Getting off the ground

Oct. 31, 2008
Vehicle lifts are as essential to repair shops as screwdrivers, scan tools and socket sets.

Vehicle lifts are as essential to repair shops as screwdrivers, scan tools and socket sets. Dealers should be familiar with the wide range of capital equipment available for shops, not excluding lifts.

Depending on the type of shop, owners may look for in-ground or above-ground, and two-post or four-post lifts, based on the size of the shop, types of repairs and safety standards for the equipment they want or need.


Shops often choose a particular lift model based on the types of repairs they do. Some styles available include two- and four-post styles, scissor lifts and hinged-surface lifts (think parallelogram).
“(Two-post lifts are) used primarily for under-car service and maintenance,” said John Rylee, marketing manager for Rotary Lift, “versus a four-post lift which is a drive-on lift, used for wheel alignments, wheel work, and can be used for some repair and service.”

For more underbody work, shops may opt for the four-post style.

“Surface-mount four-post-style lifts are the primary lift of many muffler, oil change and transmission shops or specialty shops that perform wheel alignment. It allows the vehicle to be driven onto two runways and lifted by its tires, exposing the underside of the vehicle,” said Jeff Kritzer, senior vice president of sales and marketing for BendPak/Ranger. “Open-front four-post designs have no front cross-beam, which provides free access to the front underside of the vehicle where alignment adjustments are made.”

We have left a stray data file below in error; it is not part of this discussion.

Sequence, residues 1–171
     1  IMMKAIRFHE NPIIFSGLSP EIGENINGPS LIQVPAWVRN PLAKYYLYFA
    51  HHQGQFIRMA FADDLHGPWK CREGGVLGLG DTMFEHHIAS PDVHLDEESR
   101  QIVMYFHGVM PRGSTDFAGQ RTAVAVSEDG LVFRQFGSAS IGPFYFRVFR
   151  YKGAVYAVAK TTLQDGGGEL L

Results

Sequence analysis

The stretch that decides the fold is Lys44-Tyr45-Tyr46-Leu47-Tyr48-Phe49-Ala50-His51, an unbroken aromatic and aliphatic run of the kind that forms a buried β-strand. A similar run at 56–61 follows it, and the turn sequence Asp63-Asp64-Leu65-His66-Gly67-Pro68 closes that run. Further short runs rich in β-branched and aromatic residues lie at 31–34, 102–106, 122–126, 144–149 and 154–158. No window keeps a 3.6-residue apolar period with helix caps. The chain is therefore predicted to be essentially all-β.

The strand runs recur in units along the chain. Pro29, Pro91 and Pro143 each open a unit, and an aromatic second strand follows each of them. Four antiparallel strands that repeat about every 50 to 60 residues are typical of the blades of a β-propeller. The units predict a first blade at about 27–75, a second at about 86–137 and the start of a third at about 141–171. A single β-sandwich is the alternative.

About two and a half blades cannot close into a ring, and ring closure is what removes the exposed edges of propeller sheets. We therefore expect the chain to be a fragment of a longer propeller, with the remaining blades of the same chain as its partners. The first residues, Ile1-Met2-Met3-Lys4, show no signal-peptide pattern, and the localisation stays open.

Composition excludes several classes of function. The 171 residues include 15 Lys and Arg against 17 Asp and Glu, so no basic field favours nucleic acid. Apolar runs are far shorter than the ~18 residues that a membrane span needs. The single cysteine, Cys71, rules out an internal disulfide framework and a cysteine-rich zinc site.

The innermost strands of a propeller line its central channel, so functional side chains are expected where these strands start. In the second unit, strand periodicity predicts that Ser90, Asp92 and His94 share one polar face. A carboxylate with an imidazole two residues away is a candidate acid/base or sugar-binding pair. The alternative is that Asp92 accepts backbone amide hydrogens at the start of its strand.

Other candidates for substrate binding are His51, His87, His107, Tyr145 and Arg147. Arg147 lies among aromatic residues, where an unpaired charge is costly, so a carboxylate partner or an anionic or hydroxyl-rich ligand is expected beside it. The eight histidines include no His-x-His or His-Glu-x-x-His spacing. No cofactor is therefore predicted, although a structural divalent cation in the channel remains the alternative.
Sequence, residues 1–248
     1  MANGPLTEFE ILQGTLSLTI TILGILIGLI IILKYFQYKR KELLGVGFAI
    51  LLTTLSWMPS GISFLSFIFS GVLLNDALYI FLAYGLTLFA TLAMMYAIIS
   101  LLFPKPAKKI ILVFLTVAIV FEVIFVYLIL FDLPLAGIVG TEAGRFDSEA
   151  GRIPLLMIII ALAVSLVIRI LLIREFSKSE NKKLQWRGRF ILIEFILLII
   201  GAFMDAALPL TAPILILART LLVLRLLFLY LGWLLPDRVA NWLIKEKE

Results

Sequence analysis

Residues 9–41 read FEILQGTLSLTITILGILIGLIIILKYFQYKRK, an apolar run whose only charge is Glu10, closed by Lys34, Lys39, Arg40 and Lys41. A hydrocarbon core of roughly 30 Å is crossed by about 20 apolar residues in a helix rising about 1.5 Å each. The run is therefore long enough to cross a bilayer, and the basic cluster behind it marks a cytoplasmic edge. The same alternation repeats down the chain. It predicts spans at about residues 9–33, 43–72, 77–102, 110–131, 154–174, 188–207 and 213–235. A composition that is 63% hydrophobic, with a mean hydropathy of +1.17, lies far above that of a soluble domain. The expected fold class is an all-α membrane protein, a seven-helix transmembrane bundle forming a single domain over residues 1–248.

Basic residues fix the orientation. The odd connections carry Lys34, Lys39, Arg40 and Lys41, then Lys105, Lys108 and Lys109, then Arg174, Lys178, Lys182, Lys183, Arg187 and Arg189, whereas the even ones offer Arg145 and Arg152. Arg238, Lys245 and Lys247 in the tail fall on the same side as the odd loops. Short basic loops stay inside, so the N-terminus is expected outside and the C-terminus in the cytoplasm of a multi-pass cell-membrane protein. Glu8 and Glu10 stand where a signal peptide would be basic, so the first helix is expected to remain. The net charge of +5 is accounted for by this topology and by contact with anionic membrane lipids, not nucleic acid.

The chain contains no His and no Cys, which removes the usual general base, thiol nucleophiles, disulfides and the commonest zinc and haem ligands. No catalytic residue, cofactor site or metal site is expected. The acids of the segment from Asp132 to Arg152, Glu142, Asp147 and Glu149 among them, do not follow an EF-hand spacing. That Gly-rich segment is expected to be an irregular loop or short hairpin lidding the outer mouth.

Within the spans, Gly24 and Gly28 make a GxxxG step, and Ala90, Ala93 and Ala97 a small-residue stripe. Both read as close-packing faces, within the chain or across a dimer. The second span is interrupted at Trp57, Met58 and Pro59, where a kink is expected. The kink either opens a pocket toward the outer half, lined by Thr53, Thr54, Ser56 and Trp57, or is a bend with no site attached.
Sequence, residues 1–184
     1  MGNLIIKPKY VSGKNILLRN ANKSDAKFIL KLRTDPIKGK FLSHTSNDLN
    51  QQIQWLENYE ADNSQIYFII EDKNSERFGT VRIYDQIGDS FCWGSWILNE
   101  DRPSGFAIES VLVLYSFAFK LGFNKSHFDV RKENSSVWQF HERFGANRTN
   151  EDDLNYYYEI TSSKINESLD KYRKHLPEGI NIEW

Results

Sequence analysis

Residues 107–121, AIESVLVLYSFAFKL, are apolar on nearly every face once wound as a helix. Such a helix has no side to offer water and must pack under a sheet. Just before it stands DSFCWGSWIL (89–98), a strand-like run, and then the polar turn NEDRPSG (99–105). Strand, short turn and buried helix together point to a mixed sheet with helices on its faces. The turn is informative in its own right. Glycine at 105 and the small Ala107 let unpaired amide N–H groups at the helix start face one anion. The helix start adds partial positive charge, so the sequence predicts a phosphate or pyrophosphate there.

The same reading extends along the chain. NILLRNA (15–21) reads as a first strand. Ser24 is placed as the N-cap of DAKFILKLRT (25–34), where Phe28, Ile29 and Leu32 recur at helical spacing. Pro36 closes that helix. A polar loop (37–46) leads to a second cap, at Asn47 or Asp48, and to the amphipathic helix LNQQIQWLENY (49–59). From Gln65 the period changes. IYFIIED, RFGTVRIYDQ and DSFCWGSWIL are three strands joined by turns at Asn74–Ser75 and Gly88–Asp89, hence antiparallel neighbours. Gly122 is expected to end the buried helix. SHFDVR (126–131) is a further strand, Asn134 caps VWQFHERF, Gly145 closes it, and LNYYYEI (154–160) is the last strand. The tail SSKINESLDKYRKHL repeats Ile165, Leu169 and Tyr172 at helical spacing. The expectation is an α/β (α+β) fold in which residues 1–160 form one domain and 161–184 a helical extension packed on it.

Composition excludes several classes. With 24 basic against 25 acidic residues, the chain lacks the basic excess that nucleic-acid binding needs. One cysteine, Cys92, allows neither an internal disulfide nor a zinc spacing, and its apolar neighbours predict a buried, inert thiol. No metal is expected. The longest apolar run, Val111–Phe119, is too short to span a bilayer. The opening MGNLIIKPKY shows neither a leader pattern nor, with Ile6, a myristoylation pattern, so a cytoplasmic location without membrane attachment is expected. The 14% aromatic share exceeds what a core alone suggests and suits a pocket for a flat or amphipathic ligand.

Sometimes, larger shops will use moveable lifts. Because these lifts aren’t stationary, they can be used outside.
“Service centers often purchase portable lifts so they can locate the lift outside and do service in the parking lot in the event inside lifts are filled to capacity,” said Kritzer.


In general, the bigger the shop, the more lifts necessary for smooth and fast operation. “Mom and pop” shops usually require just one or two lifts because of the smaller number of customers they serve.

In the past few decades, more small shops have transitioned from owning to renting the facilities where they service vehicles.
“Here’s a change that happened 20-30 years ago in garages. It used to be that my grandfather owned his own garage. He owned the garage, he owned the real estate and he owned the building,” said Steve Perlstein, sales manager for Mohawk Lifts. “But today, the tech who owns the garage is almost more likely to be a tenant in that shop. He rents.”

Perlstein said more shops tend to purchase above-ground lifts due to their rental agreements. This helps the shop avoid making changes or including additional installations to a building they don’t own. And once installed, the shop potentially runs into additional problems.

“If you do anything to improve a landlord’s property, that improvement becomes the property of the landlord,” said Perlstein.